If the UCA Assembly determines to change the church’s understanding of marriage, it will likely mean that congregations can host weddings in their churches for LGBTIQ couples, and ministers will be permitted to marry LGBTIQ couples. Neither will be compelled to do so, meaning each congregation and minister will need to come to a decision themselves. Likely, the vehicle for the change would be a re-wording of the ‘Declaration of Purpose’ (or potentially a couple of options for the ‘Declaration of Purpose’) within the marriage rite which currently states:
Marriage is a gift of God and a means of grace. In the life-long union of marriage we can know the joy of God, in whose image we are made, male and female. Marriage is founded in God’s loving nature, and in the covenant of love made with us in Christ. Husband and wife, in giving themselves to each other in love, reflect the love of Christ for his Church. In Christian marriage, wife and husband are called to live together faithfully, and to love each other with respect, tenderness and delight. The companionship and comfort of marriage enables the full expression of intimacy between husband and wife. They share the life of a home and may be entrusted with the gift and care of children. They help to shape a society in which human dignity and happiness may flourish and abound. Marriage is a way of life that all people should honour; it is not to be entered into lightly or selfishly, but responsibly and in the love of God.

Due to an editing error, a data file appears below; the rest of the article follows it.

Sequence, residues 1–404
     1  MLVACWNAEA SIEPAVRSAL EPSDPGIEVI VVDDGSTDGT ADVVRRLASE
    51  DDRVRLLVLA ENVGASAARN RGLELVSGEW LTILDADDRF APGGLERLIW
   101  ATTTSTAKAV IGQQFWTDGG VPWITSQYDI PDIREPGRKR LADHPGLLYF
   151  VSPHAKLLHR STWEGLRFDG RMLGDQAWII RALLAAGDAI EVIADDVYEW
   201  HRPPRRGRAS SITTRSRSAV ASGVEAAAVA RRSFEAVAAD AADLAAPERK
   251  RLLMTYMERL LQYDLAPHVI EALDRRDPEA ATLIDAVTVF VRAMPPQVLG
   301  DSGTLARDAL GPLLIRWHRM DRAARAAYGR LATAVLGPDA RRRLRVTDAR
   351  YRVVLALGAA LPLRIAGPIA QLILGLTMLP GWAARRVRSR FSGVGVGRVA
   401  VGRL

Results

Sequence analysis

Revised versions would make room for marriage being between two people without specifying that it be (only) between a man and a woman. This change would mean the church reflected the change in Australian law. Uniting Church ministers must abide by the denomination’s understanding/doctrine of marriage (and use the formally approved marriage rite) to fulfil their requirements under Australian law to officiate at weddings. Hence, as things stand presently, UCA ministers can only conduct weddings between a man and a woman. This would remain the case until the Assembly changed the church’s understanding.
Christian Understandings of Sexuality/Marriage: